Politics

by Mike Masnick


Filed Under:
patriot act, protect ip, ron wyden



Ron Wyden: Puts Hold On PROTECT IP, Temporarily Withdraws Amendment On The PATRIOT Act

from the busy-day dept

Well, here's an update to two separate stories from this morning. First, Senator Ron Wyden, who has been speaking out against the secret interpretation of the PATRIOT Act, which allowed the feds to do much more than the law seemed to allow, has apparently agreed to withdraw his amendment, after the Senate leadership promised that Wyden can hold hearings on the secret interpretation. If he is not satisfied with the results of those hearings, he can (and, I assume, will) reintroduce his amendment (with Senator Mark Udall) to require that the federal government make public its interpretation of the PATRIOT Act. This is not ideal, but it's better than nothing.

Separately, in response to the news that the Senate Judiciary Committee has approved PROTECT IP, Senator Wyden has done what he did with COICA and put a hold on the bill, effectively blocking it for the time being. This is good news, as hopefully it will force those pushing the law to address the massive problems with the law. Here is Senator Wyden's statement:
Consistent with Senate Standing Orders and my policy of publishing in the Congressional Record a statement whenever I place a hold on legislation, I am announcing my intention to object to any unanimous consent request to proceed to S. 968, the PROTECT IP Act.

In December of last year I placed a hold on similar legislation, commonly called COICA, because I felt the costs of the legislation far outweighed the benefits. After careful analysis of the Protect IP Act, or PIPA, I am compelled to draw the same conclusion. I understand and agree with the goal of the legislation, to protect intellectual property and combat commerce in counterfeit goods, but I am not willing to muzzle speech and stifle innovation and economic growth to achieve this objective. At the expense of legitimate commerce, PIPA's prescription takes an overreaching approach to policing the Internet when a more balanced and targeted approach would be more effective. The collateral damage of this approach is speech, innovation and the very integrity of the Internet.

The Internet represents the shipping lane of the 21st century. It is increasingly in America's economic interest to ensure that the Internet is a viable means for American innovation, commerce, and the advancement of our ideals that empower people all around the world. By ceding control of the Internet to corporations through a private right of action, and to government agencies that do not sufficiently understand and value the Internet, PIPA represents a threat to our economic future and to our international objectives. Until the many issues that I and others have raised with this legislation are addressed, I will object to a unanimous consent request to proceed to the legislation.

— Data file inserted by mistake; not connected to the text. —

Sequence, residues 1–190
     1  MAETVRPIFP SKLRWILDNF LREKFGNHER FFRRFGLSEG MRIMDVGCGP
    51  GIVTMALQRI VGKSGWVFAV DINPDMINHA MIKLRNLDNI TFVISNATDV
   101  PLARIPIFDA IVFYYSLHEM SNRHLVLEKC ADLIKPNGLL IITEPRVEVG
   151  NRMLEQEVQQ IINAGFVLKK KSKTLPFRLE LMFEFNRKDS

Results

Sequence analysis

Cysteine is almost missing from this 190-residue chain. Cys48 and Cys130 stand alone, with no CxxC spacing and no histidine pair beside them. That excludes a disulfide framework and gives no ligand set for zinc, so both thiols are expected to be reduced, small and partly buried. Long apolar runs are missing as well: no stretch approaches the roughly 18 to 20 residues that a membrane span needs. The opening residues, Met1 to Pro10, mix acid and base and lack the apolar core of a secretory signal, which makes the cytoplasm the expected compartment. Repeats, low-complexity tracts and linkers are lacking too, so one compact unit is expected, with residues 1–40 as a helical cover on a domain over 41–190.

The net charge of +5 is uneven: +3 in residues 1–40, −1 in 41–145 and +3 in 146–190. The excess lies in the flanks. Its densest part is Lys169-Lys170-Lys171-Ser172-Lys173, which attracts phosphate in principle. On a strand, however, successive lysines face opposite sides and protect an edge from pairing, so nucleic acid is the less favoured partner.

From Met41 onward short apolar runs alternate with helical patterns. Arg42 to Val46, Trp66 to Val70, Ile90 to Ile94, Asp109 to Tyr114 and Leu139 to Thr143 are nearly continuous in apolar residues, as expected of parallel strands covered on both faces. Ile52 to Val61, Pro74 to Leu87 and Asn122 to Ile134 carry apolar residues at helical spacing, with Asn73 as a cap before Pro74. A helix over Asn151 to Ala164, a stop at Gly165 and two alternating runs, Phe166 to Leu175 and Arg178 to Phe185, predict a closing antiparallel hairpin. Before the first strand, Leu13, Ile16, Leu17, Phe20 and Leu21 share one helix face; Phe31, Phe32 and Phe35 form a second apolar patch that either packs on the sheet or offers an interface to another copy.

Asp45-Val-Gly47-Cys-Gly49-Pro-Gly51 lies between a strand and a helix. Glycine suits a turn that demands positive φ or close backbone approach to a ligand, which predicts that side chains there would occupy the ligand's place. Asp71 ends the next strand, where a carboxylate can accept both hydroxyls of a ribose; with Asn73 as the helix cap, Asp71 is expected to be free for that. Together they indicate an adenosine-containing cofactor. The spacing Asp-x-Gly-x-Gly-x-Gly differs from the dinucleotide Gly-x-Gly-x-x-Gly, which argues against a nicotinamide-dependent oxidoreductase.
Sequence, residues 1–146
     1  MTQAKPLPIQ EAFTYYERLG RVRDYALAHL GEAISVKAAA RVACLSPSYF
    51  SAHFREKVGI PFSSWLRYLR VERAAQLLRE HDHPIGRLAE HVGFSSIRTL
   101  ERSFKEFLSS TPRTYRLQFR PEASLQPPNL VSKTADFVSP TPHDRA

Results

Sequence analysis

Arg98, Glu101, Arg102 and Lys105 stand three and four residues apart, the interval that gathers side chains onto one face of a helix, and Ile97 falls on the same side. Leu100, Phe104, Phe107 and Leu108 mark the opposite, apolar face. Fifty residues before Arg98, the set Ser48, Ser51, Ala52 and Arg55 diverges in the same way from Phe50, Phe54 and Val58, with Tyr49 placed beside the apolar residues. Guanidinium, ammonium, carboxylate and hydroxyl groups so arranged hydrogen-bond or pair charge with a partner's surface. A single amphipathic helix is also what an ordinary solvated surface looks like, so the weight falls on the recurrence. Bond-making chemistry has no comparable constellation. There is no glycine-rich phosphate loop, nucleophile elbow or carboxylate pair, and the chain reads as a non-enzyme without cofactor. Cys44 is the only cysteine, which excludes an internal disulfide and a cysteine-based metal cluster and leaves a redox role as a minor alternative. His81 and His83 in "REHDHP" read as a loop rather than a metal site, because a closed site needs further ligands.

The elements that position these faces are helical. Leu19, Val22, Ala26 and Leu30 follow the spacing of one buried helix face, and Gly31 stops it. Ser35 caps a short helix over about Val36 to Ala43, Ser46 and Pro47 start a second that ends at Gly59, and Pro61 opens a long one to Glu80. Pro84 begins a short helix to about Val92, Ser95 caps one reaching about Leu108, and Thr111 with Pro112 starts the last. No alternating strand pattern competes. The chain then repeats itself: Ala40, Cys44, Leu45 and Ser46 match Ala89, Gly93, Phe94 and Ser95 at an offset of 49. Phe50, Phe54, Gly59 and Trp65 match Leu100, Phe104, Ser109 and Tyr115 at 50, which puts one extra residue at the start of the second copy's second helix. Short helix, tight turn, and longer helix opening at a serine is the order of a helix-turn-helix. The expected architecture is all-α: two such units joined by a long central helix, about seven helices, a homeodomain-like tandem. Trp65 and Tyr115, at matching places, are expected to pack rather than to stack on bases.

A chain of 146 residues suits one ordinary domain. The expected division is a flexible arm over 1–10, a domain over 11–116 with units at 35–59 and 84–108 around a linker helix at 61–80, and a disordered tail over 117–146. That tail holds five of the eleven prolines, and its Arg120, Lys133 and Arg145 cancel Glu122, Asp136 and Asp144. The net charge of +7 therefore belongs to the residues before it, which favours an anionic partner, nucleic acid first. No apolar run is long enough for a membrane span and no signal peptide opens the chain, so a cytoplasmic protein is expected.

Reader Comments

Subscribe: RSS

View by: Time | Thread


  1. icon
    Karl (profile), 26 May 2011 @ 12:17pm

    Didn't know it passed yet

    Dammit, I didn't know it had already passed the Judiciary Committee. I just now got off the phone with my Senators' offices. Hopefully my opposition will still count.

    I made a laundry list of everything that is wrong with this bill:

    Specific problems with PROTECT-IP:

    - It does not allow the owners of allegedly infringing sites a chance to defend themselves BEFORE they are put on the "blacklist."

    - It does not specifically state that compliance with 17 USC 512, or othe "safe harbors" laws, makes a site exempt from being considered a "rogue site." (It claims that entities can still assert this as an affirmative defense, but that appears to only apply to the ISP's, search engines, and financial transaction providers - not to the "rogue sites" themselves.)

    - It does not allow the operators of allegedly infringing sites any recourse if they are to be found innocent. They have no means of recuperating any damages to their business (if they are a business), or for compensating them for their loss of civil rights.

    - It does not require transaction providers to differentiate between transactions due solely to the infringing activity, and transactions that are not. An accused site, for example, would have no way to set up a legal defense fund. Furthermore, it is unclear if financial transaction providers are required to stop payments against the owners themselves - making it impossible for them to, for instance, get paid by their employers at their day jobs.

    - It encourages chilling effects by encouraging ISP's, search engines, and transaction providers to blacklist sites solely on their own judgement, and eliminates liability if they do.

    - By allowing copyright owners to place sites on the blacklist, it creates massive opportunities for abuse, such as claiming a site is a "rogue site" for the purposes of eliminating legitimate competition.

    It's a terrible piece of legislation.

Add Your Comment

Have a Techdirt Account? Sign in now. Want one? Register here
Get Techdirt’s Daily Email
Use markdown for basic formatting. HTML is no longer supported.
  Save me a cookie
Follow Techdirt
Special Affiliate Offer

Advertisement
Report this ad  |  Hide Techdirt ads
Essential Reading
Techdirt Deals
Report this ad  |  Hide Techdirt ads
Techdirt Insider Chat
Advertisement
Report this ad  |  Hide Techdirt ads
Recent Stories
Advertisement
Report this ad  |  Hide Techdirt ads

Close

Email This

This feature is only available to registered users. Register or sign in to use it.